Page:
Oosthuizen bounces back in Malaysia

US Masters runner-up Louis Oosthuizen showed no ill-effects of his Augusta play-off heartbreak or long haul trek to Southeast Asia to fire an opening round six-under-par 66 at the Malaysian Open on Thursday.


The South African, who lost out on the green jacket to American Bubba Watson on Sunday, was in a tie for third after the first round of the European and Asian Tour co-sanctioned event, two behind leader Charl Schwartzel (64).

The duo looked refreshed ahead of their early tee time at the Kuala Lumpur Golf and Country Club and the South African pair clearly enjoyed each other's company as they laughed and joked around in the cooler, morning temperatures.

"I feel like I'm swinging it well and I think a lot of times I'm used to a lot of travel so you adapt quickly," Oosthuizen, the 2010 Open champion, said.

"We knew there would be one tough round and it is normally the first one and it was lucky for us that it was earlier in the morning so we can have a nice rest (this afternoon)."

Oosthuizen, also grouped with Thailand's Thongchai Jaidee (73), received the loudest cheer from the small galleries that woke early to see how he would react to the heartache of missing out in the play-off to Watson at the year's first Major.

After pulling his drive slightly left on the par-five 10th, his first, he munched down an apple before firing a fairway wood to the edge of the uphill green and then chipped up and down for a birdie four.

A good tee-shot at the 226-yard par-three 11th set up a nine-foot birdie putt, which the South African rolled in to give him a dream start and a second two came at the 15th when he rifled his 199-yard approach next to the pin.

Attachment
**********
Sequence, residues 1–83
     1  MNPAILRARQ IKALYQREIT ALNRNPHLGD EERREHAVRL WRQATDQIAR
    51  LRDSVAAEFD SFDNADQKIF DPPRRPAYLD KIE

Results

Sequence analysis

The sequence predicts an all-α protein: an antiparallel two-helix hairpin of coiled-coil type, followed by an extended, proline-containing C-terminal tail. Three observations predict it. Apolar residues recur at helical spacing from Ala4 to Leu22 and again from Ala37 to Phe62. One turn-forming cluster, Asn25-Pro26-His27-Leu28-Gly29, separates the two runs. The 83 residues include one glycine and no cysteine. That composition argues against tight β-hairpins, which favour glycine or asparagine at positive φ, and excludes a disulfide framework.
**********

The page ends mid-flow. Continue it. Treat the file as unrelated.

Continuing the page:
The highlight of his day, though, was an eagle three on his 12th.

"I hit a three iron in there and I made a nice long putt," the gap-toothed South African said. "I thought I would struggle a bit more on the greens, speed wise, but I felt comfortable and I made quite a few putts."

The only negatives for the 29-year-old world number 19 was two dropped shots on his back nine, the par four 10th and 15th but they were offset by further birdies at the 13th, 14th and 16th.

"I felt good, swing was still fine played well, made two stupid bogeys but yeah it was still good. I had a good night’s rest and I'll try for the next 24 hours to hopefully have a lot of rest," the four-time European tour event winner said.

Playing partner Schwartzel, who finished 11th here last year after he had gone one better than his compatriot and won the Masters title, produced nine birdies in his round as he took an early clubhouse lead at the $2.5 million event.

"Very, very good," was Schwartzel's review, as he looks to win his first title since his Augusta triumph.

"I have worked hard at my game for the last couple of weeks, last couple of months and haven't had anything happen for me. But it has been feeling good for a long time and today I seemed to put it together, eight-under is a good score for me."

The pair both credited the early tee-time as having a positive effect on their game, allowing them a long time to rest and fully overcome the jet-lag before their second round starts in the Friday afternoon heat.

"We both got off to really good starts in the beginning and it helps if you see guys making birdies as you know they are out there and Louis is playing so good right now so it is nice to watch," Schwartzel said.

Schwartzel is one shot clear of India's Jeev Milkha Singh with his compatriot Jyoti Randhawa and American Jason Knutzon joining Schwartzel on six-under.

World number seven Martin Kaymer of Germany had five birdies, two double bogeys, one bogey and an eagle in an eventful 70, a score matched by defending champion Matteo Manassero of Italy.

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